An added benefit to the technique is the elimination of injection.
In ‘Pulmonary Vaccine Delivery: A Realistic Approach?’ Wouter Tonnis and co-authors from University of Groningen and National Institute for Public Health and the Environment (Bilthoven), The Netherlands, described the unique physiology and immune responsiveness of the respiratory track that make pulmonary vaccine delivery such an attractive alternative to traditional injections.
Although pulmonary vaccination is still a young field, with much more research needed, evidence suggests administration of a vaccine to the lungs can induce a local immune response more effectively than conventional types of vaccine delivery, in addition to stimulating antibody production throughout the body.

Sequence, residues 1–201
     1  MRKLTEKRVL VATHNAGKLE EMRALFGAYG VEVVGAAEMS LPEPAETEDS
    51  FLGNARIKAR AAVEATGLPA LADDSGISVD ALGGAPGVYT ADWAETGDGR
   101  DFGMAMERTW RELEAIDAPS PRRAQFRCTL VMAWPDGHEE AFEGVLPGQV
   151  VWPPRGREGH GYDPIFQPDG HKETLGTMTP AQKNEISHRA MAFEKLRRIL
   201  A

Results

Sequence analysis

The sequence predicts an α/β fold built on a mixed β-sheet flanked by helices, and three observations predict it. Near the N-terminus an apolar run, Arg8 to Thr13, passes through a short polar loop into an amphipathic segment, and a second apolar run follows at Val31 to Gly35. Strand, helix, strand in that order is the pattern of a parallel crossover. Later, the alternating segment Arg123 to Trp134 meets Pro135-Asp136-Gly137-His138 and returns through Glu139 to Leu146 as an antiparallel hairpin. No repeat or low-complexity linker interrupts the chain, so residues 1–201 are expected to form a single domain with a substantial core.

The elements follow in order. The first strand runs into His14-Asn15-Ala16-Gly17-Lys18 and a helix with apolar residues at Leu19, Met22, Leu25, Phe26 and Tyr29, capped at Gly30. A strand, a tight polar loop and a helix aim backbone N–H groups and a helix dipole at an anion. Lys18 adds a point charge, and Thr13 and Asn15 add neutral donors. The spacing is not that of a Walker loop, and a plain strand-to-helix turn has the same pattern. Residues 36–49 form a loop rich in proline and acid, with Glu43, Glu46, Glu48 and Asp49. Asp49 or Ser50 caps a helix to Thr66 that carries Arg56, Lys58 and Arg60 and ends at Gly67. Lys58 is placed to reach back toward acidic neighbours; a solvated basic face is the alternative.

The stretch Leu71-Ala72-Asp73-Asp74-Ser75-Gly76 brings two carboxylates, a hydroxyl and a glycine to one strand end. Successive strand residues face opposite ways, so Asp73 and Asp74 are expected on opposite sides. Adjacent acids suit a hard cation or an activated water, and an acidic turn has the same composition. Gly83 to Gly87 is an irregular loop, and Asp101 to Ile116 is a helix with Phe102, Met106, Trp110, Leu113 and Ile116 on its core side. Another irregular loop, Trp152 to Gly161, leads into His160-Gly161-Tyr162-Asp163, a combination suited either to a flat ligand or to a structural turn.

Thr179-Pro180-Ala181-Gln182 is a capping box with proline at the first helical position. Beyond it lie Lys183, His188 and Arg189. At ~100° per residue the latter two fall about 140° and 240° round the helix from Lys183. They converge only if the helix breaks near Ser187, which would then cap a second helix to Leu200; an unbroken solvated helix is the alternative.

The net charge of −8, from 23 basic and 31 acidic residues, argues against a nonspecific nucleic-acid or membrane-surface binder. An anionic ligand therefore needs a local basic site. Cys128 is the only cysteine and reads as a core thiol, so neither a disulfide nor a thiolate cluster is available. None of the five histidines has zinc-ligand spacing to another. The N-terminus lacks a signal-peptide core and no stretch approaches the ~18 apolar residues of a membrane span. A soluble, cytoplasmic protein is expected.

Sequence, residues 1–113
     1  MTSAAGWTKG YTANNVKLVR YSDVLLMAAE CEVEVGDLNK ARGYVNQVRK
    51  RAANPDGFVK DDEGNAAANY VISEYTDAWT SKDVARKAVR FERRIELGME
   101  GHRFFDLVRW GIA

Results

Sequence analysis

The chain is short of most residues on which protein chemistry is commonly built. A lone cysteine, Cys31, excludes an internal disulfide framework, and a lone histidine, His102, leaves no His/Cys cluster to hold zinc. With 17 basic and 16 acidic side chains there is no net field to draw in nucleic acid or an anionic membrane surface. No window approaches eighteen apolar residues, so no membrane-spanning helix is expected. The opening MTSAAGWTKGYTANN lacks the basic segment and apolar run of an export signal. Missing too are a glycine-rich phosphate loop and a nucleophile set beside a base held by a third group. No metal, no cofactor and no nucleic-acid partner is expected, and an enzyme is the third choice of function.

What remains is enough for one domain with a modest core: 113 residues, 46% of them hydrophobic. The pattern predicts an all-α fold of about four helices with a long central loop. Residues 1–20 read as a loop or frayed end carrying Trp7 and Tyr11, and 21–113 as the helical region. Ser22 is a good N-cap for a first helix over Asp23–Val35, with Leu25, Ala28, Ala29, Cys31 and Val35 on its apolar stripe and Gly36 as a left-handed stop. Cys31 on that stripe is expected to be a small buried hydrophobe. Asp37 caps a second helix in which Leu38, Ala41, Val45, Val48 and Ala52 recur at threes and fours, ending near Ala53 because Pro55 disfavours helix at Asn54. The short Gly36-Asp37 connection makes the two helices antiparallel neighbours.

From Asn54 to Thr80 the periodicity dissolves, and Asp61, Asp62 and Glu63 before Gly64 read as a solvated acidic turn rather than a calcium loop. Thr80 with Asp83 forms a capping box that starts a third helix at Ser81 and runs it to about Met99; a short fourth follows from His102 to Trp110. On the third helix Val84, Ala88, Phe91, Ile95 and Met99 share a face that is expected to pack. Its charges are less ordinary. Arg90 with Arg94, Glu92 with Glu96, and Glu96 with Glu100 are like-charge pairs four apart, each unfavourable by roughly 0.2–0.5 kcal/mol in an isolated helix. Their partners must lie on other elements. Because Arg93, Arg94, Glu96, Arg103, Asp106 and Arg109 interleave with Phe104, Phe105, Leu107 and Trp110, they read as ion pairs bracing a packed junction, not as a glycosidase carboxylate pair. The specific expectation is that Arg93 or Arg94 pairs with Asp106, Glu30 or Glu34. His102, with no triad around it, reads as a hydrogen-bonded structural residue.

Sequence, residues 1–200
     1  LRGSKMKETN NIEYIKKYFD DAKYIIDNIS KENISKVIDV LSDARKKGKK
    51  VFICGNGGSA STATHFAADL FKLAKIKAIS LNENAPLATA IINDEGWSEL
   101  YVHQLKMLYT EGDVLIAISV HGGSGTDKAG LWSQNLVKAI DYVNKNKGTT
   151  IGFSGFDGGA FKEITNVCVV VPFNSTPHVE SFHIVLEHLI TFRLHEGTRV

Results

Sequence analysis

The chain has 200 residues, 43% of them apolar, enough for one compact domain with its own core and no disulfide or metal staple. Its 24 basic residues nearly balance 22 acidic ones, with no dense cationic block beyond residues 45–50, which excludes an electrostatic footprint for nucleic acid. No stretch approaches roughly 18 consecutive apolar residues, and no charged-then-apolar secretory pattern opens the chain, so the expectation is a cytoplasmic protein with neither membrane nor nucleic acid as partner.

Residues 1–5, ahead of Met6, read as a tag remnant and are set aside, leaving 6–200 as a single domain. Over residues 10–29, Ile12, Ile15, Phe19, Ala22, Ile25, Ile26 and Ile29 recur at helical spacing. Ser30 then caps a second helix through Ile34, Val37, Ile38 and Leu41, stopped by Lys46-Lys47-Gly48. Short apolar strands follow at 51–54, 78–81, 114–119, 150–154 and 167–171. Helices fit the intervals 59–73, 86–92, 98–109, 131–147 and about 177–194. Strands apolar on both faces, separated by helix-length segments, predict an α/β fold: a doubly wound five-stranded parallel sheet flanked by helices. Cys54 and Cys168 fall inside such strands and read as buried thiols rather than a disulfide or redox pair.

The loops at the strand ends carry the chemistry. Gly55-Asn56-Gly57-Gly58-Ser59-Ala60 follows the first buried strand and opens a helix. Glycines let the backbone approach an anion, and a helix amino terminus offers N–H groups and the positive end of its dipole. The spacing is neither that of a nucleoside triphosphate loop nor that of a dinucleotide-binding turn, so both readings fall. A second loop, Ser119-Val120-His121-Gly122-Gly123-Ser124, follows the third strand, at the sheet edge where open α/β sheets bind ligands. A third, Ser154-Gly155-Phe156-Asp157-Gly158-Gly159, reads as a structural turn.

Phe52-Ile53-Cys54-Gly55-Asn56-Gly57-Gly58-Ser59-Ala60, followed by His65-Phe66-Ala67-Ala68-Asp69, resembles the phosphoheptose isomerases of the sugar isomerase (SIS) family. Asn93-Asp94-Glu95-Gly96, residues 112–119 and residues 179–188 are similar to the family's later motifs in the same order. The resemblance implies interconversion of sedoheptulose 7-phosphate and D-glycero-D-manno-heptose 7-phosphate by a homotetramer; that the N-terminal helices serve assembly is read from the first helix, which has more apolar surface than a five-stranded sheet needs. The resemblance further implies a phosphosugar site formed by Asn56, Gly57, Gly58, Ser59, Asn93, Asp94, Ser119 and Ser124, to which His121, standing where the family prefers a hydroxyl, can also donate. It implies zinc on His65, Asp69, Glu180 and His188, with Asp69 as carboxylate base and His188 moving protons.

This could be especially important for combating pathogens that cause pulmonary diseases.
“The lung is an immunologic powerhouse that remains largely unexplored. Theoretically we should be able to avoid needles and simply inhale our vaccines,” Editor-in-Chief Gerald C. Smaldone, MD, PhD, Professor and Chief, Division of Pulmonary and Critical Care Medicine at SUNY-Stony Brook said.
The research is published in the Journal of Aerosol Medicine and Pulmonary Drug Delivery.